Tuberculosis in Children: Symptoms, Causes, and Treatment

Few diseases present as great a diagnostic challenge as tuberculosis in children, due to its atypical course. Learn more.
Tuberculosis in Children: Symptoms, Causes, and Treatment
Diego Pereira

Written and verified by the doctor Diego Pereira.

Last update: 31 March, 2023

Tuberculosis is a disease that we often associated with adults, but did you know that tuberculosis in children also exists? Although the disease isn’t as prevalent in children as in adults, this doesn’t diminish its importance. In fact, children are also susceptible to developing complications, hence the need for early diagnosis. In the following article, you’ll find fundamental information to understand tuberculosis from its most basic aspects. Let’s go deeper.

What is tuberculosis?

According to a Mayo Clinic publication, tuberculosis is a potentially serious disease that usually affects the lungs and causes a chronic infection. In this case, it’s referred to as pulmonary tuberculosis, to differentiate it from another group called extrapulmonary tuberculosis, with manifestations in a wide variety of organs.

It’s primarily caused by infection with Mycobacterium tuberculosis, which is a type of bacteria. In certain contexts, infection by other similar microorganisms, such as M. bovis or M. microti, can also cause the disease.

Tuberculosis in children has been known for centuries. It has a rather particular historical context due to the high mortality it produced in overcrowded places with poor socio-sanitary conditions. At that time, it was popularly known as phthisis, a term that’s still used today in some contexts.

A boy coughing.
Persistent cough, fatigue, irritability, and fever may be some of the symptoms of tuberculosis in children.


The symptoms of pulmonary tuberculosis are progressive in onset and tend to worsen over time. For this reason, affected individuals usually consult a physician when these clinical manifestations are bothersome or an associated complication occurs. In the case of children, the course may be atypical, which makes diagnosis difficult.

According to the website Healthy Children  when a child suffers from tuberculosis disease, they may present the following symptoms:

  • Fever
  • Persistent cough
  • Fatigue
  • Irritability
  • Changes in the respiratory pattern
  • Enlarged lymph nodes
  • Developmental or growth problems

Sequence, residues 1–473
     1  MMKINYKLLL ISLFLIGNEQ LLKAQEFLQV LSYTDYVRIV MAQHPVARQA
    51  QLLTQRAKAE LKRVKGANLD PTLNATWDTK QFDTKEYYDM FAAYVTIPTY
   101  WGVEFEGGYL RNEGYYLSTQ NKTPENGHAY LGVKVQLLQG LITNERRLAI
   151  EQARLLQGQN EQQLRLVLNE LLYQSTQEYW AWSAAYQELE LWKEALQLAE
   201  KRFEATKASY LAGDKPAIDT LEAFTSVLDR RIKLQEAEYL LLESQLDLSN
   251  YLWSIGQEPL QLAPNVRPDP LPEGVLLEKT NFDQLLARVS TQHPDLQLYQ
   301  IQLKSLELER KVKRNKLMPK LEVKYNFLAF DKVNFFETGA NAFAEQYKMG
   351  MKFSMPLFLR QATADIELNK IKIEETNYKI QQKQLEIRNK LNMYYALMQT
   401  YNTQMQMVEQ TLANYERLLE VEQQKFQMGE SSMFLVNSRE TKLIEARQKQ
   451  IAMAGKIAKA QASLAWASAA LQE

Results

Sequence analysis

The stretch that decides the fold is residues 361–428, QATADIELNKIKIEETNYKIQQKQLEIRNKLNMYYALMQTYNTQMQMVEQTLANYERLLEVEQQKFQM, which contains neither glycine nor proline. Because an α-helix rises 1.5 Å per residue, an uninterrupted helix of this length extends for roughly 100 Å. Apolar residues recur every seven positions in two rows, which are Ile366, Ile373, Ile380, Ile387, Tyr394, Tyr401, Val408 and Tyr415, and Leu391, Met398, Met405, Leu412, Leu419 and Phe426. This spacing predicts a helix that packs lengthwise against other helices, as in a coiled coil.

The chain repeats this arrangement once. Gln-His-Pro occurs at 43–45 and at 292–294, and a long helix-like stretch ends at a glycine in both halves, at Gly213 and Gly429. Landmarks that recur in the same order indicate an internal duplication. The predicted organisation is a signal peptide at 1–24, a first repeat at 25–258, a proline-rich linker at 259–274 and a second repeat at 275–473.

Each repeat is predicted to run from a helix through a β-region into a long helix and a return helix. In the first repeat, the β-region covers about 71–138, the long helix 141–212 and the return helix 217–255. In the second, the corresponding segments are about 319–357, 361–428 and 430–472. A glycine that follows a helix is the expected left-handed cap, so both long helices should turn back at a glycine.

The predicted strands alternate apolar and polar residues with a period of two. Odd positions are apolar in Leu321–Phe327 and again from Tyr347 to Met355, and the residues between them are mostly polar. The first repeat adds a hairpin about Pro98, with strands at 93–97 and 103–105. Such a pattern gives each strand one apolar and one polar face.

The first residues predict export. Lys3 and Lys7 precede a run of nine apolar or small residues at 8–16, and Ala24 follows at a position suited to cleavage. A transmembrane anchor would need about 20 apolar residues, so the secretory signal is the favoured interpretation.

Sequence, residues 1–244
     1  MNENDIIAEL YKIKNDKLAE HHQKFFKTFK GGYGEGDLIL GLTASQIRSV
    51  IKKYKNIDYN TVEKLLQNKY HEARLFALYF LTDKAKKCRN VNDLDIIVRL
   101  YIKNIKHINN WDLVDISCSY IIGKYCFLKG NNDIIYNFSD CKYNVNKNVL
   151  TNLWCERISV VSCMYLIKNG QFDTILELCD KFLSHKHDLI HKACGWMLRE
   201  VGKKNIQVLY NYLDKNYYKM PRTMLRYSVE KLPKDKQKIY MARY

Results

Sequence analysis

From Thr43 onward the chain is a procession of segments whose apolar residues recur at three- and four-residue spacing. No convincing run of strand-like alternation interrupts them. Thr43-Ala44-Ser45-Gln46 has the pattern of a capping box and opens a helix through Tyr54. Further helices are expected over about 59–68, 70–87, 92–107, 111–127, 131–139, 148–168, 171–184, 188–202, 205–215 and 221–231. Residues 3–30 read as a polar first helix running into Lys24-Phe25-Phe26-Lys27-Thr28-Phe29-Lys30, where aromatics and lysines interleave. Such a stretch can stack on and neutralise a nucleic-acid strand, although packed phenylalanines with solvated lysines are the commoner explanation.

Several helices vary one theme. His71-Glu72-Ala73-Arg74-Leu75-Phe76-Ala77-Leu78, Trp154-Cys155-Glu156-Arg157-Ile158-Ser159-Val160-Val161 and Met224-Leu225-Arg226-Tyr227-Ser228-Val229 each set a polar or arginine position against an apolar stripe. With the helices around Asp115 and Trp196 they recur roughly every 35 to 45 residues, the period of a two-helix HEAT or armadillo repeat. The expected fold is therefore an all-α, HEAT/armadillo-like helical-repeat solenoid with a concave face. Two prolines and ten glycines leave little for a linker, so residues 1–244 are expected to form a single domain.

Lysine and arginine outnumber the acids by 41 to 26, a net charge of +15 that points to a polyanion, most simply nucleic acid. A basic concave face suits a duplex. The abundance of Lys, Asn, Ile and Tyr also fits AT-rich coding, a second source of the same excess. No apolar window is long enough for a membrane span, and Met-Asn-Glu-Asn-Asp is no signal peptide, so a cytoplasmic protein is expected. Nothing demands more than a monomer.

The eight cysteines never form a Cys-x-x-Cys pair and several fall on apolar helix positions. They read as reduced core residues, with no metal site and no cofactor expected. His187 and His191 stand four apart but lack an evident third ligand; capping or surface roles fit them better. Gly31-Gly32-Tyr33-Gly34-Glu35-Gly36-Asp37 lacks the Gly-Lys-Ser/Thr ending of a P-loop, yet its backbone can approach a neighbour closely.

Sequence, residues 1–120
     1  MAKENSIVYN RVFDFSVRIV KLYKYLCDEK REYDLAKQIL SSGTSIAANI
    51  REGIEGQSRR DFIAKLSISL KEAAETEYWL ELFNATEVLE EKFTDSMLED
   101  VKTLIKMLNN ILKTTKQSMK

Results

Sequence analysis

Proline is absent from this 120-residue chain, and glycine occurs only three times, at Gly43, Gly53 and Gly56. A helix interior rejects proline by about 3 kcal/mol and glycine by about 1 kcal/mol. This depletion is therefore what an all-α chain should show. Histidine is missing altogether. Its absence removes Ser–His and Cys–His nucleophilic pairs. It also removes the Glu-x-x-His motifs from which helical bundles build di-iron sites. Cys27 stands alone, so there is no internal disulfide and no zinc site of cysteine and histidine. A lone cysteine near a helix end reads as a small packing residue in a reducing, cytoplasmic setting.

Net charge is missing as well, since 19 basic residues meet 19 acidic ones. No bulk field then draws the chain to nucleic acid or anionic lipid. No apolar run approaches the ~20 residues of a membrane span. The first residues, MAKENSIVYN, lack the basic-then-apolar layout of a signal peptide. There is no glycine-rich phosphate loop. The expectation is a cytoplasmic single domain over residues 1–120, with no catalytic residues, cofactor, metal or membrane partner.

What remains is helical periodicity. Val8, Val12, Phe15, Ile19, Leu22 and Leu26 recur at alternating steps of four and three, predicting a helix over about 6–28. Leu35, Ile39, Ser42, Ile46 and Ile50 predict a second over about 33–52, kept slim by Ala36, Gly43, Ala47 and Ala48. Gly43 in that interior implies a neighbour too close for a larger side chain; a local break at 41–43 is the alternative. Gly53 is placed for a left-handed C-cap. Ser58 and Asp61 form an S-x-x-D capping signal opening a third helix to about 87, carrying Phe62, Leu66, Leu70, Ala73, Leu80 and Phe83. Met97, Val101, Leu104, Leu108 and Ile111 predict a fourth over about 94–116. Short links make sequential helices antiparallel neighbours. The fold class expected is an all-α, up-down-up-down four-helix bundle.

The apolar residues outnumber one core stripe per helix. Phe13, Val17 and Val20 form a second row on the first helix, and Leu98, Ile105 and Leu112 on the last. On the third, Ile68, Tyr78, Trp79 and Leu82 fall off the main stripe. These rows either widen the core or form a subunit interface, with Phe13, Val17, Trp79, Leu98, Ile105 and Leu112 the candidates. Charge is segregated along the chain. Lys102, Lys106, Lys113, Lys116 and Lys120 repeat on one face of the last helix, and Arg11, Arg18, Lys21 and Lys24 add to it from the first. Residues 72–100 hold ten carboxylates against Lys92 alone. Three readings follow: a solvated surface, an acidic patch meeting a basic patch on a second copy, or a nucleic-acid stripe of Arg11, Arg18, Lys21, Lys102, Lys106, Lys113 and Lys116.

On the other hand, there are rare occasions in which the causal microorganism can spread throughout the rest of the body and affect any organ or system. Extrapulmonary tuberculosis represents a serious health problem due to therapeutic difficulties. In addition, children living with some type of immunosuppression are more susceptible to this condition.


Tuberculosis in children is transmitted through the airborne route. When an infected person coughs, sneezes, or speaks very loudly, small particles of saliva containing the pathogenic microorganism are released into the air. They circulate in the air for a certain period of time, which depends on the existing conditions. Therefore, if a healthy person inhales them, they’re likely to develop the infection in the future.

Despite the ease of transmission, being a chronic disease, the incubation period is quite long. It can even last for years. In fact, there are children who never show symptoms. On the other hand, there are some factors that can increase the risk of infection in both children and adults:

  • Living in overcrowded conditions
  • Having a chronic disease without medical control, such as infection by the human immunodeficiency virus (HIV)
A little girl blowing her nose.
When coughing or sneezing, infected saliva particles are released and can spread the disease to others.


Fortunately, advances in scientific research have led to the development of effective drugs for the treatment of tuberculosis. As it’s a bacterial infection, these belong to the group of antibiotics. The most commonly used in children are isoniazid, rifampicin, and pyrazinamide.

According to a publication in the journal Pediatría Integral, there are other drugs that can help fight the disease under particular conditions. For example, steroids. However, these should be evaluated with caution by the medical team.

As with adults, there’s often difficulty in adherence to treatment. This is due to the fact that the usual therapeutic regimens can be prolonged for about 6 months and cause clinical improvement long before the end of the process. This causes many people to stop treatment because they “feel better” and think that everything has been solved. However, the latter practice is often associated with greater therapeutic failures in the long term.

In case of doubt, it’s better to go to a specialist

Tuberculosis in children is a complex disease that’s still considered a public health problem today. It occurs especially in some developing countries. This is due to the fact that socioeconomic conditions aren’t entirely suitable and access to health services may be limited.

If your child has been in contact with a person with tuberculosis or if they present symptoms compatible with the disease, it’s advisable to consult a pediatrician. The pediatrician will indicate all the diagnostic studies they consider pertinent for the patient.

All cited sources were thoroughly reviewed by our team to ensure their quality, reliability, currency, and validity. The bibliography of this article was considered reliable and of academic or scientific accuracy.

This text is provided for informational purposes only and does not replace consultation with a professional. If in doubt, consult your specialist.